Australia’s waste problem is the subject of Joanna Stirling’s current research project, which explores how design and visual thinking can be used to communicate complex issues and instigate change.
The Modern Midden, which is showing at the Innovation Campus between 26 September and 23 October, is an installation of sorts, designed to get us thinking about how we might act to reduce our dependence on materials that aren’t biodegradable. The installation is the creative component of Ms Stirling’s Masters by Research; the written component looks at behaviour change, design and visualisation, how we think about household waste and how it is currently visualised.
Waste is generally measured by weight, but weight is harder to visualise than volume, according to Ms Stirling. Hence her decision to shape seven days’ worth of non-organic waste from 10 households into a mound in the middle of a room for people to see and touch.
“As a designer, I want to find ways of communicating complex issues and ideas and this has required a spatial and participatory approach.
“We put our waste in the bin, it goes out for collection and is taken away in a truck. Most of us, it seems, don’t know where that truck goes or consider what happens to the contents of the red or yellow bin. Putting physical bodies in the same room as the items we often have fleeting contact with slow things down so we can consider where the items might have been, what they are made from, and what was inside of them. It opens up a space for dialogue.”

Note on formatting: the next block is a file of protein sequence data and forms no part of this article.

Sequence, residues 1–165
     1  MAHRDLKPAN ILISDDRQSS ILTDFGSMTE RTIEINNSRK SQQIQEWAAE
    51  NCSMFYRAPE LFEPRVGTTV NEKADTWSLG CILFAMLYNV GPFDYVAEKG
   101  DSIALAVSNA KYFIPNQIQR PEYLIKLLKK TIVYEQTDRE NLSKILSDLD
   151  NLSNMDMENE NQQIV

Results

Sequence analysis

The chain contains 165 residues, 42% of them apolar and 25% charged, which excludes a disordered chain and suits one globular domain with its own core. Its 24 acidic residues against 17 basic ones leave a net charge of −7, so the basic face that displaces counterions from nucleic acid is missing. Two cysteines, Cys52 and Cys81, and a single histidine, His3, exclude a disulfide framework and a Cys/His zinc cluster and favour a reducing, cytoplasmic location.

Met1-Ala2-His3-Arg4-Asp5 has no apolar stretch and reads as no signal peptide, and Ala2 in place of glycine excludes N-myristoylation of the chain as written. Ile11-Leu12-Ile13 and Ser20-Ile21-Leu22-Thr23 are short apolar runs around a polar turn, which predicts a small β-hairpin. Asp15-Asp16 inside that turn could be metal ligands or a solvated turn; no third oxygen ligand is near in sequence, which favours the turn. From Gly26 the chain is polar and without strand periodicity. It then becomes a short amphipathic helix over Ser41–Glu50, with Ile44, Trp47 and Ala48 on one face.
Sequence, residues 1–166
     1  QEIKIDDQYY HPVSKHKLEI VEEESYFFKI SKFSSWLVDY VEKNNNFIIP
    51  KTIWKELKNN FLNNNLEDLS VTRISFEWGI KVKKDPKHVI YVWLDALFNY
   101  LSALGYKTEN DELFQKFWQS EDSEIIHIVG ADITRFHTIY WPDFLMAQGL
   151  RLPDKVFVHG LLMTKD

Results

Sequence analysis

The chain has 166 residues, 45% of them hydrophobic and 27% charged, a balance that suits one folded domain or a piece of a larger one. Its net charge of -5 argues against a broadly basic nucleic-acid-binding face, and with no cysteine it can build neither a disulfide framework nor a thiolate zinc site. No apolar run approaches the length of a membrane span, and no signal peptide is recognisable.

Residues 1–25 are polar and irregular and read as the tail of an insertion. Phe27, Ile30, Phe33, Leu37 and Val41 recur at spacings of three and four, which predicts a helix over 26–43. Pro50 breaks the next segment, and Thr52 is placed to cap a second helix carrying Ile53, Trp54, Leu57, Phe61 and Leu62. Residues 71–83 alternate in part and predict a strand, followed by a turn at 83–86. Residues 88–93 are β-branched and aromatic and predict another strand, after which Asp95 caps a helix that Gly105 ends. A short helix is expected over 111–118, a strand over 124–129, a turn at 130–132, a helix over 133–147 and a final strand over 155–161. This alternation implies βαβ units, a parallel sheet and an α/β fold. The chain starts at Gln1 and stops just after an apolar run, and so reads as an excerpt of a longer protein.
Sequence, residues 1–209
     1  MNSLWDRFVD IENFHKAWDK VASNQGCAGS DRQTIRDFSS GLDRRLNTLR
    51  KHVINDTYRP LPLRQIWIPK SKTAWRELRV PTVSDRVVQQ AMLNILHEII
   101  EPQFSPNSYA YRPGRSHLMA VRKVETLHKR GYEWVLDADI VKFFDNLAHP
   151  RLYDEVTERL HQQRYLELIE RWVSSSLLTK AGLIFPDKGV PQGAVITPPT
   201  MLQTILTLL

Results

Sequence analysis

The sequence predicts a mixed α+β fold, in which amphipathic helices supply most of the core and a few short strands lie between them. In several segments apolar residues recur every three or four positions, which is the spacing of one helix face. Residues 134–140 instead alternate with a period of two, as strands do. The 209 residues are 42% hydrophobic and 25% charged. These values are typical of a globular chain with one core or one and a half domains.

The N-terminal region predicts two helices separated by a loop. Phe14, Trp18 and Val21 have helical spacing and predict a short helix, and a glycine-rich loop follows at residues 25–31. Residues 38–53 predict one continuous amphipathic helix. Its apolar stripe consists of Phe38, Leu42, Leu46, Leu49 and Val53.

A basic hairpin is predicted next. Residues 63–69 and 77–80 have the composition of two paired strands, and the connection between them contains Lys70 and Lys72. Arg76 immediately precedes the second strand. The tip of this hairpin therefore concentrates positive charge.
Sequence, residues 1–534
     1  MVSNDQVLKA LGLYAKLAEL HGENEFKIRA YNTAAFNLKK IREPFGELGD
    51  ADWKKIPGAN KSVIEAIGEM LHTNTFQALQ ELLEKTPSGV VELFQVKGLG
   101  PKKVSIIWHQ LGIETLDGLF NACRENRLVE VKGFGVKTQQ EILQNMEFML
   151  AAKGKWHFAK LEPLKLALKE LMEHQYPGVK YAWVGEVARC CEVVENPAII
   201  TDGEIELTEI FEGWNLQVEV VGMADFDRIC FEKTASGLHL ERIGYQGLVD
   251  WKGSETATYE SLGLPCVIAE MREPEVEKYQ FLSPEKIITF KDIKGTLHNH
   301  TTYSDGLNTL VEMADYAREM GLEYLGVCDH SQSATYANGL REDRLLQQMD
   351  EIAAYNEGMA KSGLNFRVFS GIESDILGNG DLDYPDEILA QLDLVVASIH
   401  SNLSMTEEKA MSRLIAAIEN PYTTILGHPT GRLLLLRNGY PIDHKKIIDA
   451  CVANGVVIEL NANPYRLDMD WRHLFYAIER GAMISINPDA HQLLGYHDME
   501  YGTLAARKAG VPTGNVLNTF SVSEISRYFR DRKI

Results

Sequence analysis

Ms Stirling’s installation is just a small part of a big story about waste: Australians are the second highest producers of waste per person globally and the estimated 900-plus landfill sites currently operating across Australia are filling up with the items we freely discard each day.
“In Australia, a huge amount of our waste goes to landfill. That’s an issue because we’re running out of room and consumption and waste generation are having extensive environmental impacts.”
While Australians are recycling more than ever before, our overall consumption of materials – recyclable and non-recyclable – is increasing.
“We often don’t consider the embodied energy that goes into making these products in the first place. All of this ‘stuff ‘ has been on a long journey. A plastic bottle, for example, is made using oil and gas, water and electricity, it’s then transported, filled with liquid and transported again before it reaches us. We use it for a short period of time and then throw it back into the system – to be recycled, (which is also a resource intensive process), or to end up as landfill.”